Monitoring technologies are widely implemented by networks of varying sizes and complexity to gain crucial understanding of traffic patterns. One popular method is NetFlow. We chose this to be the tool of choice when analyzing network traffic behavior across interfaces on AMPATH’s production network. NetFlow by itself cannot be easily parsed to produced the comprehensive data analysis we sought during our research; however, another widely used open source tool, Flow Tools, was the primary parser for NetFlow data being streamed from the multiple network elements which we chose to investigate.
The integration of the parsed NetFlow data is a key tool in making the information readily available in a distributed format and incorporating a historical component as well as a real-time understanding of data being received from the network components being monitored and analyzed. We identified monALISA (Monitoring Agents using a Large Integrated Services Architecture) as a promising tool that could fit our needs due to its design architecture (JAVA / JINI based) and overall philosophy to provide monitoring information from large as well as distributed systems. MonALISA’s ability to gather, store and distribute network data collected was crucial to the success of our investigation.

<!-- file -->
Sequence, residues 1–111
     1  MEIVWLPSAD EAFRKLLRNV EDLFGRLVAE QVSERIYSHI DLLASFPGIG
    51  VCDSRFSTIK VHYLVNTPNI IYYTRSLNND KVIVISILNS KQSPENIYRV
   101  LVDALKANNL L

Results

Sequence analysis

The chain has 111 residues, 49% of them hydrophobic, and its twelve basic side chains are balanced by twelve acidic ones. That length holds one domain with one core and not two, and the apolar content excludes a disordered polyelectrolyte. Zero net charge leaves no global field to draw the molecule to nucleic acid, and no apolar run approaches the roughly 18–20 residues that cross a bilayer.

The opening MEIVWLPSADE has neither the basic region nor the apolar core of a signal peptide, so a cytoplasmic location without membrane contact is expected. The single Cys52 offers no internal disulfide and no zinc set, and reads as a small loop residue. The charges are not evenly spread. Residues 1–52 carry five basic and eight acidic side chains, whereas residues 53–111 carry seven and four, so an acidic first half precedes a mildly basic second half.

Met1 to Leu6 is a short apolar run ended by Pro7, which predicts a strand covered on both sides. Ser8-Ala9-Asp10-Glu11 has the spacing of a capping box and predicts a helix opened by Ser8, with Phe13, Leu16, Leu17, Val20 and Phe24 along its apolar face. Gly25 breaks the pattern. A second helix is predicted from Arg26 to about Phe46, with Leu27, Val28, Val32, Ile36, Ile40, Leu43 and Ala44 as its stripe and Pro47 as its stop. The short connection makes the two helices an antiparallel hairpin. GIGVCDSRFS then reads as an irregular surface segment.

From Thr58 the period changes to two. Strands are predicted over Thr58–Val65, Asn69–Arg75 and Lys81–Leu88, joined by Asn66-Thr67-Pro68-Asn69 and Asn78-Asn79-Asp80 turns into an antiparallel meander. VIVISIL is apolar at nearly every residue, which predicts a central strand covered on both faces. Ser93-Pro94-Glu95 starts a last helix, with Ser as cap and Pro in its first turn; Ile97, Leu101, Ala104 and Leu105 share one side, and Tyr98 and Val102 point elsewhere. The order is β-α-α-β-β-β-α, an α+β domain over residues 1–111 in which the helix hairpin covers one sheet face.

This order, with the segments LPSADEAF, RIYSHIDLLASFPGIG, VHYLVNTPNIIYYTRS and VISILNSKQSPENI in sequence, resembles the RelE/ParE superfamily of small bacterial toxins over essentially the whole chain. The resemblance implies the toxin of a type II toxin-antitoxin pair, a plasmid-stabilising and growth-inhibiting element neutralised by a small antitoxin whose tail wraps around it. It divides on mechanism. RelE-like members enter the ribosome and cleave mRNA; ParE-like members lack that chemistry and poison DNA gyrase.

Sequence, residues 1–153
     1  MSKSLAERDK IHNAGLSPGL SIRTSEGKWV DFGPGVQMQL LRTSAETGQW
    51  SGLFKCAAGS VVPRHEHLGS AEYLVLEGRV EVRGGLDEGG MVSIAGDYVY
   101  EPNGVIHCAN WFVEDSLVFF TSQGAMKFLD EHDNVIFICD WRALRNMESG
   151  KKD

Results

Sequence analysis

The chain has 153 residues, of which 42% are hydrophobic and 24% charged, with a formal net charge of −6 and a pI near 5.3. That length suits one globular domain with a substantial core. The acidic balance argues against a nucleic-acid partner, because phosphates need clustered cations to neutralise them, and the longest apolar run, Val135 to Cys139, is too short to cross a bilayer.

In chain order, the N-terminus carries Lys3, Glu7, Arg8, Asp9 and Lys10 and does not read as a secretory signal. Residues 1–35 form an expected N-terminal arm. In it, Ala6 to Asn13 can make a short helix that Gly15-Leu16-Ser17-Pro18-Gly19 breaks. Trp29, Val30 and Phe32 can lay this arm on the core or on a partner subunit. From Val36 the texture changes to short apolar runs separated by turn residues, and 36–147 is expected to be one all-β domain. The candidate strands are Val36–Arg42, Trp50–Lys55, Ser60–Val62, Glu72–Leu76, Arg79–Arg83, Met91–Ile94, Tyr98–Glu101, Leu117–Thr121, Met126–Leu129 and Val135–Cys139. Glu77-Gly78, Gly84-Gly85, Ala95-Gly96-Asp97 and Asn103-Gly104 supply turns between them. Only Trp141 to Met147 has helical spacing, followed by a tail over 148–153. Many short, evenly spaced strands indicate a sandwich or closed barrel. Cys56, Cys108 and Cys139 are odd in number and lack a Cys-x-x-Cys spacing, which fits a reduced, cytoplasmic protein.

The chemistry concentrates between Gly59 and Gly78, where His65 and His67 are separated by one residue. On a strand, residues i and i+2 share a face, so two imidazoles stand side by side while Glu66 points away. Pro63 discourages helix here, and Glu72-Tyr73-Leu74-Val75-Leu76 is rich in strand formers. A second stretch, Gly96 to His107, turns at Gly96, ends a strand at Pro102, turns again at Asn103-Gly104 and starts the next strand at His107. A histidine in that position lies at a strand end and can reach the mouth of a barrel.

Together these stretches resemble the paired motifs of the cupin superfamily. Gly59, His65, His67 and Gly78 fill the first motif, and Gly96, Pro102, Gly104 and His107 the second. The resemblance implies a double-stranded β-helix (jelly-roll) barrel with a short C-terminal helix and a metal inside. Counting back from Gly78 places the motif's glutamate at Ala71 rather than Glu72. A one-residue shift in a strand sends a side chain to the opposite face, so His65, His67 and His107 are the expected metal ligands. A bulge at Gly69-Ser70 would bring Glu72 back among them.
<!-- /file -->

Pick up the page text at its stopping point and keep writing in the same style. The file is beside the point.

Another technology we intended to explore was that of the National Laboratory for Applied Network Research (NLANR)’s PMA (Passive Monitoring Agent). There are key differences between PMA data and NetFlow data, which are worthwhile mentioning during this presentation. This talk will focus on the theory and implementation of this particular tool and how it can be adapted to other networks and case studies emanating from data gathered.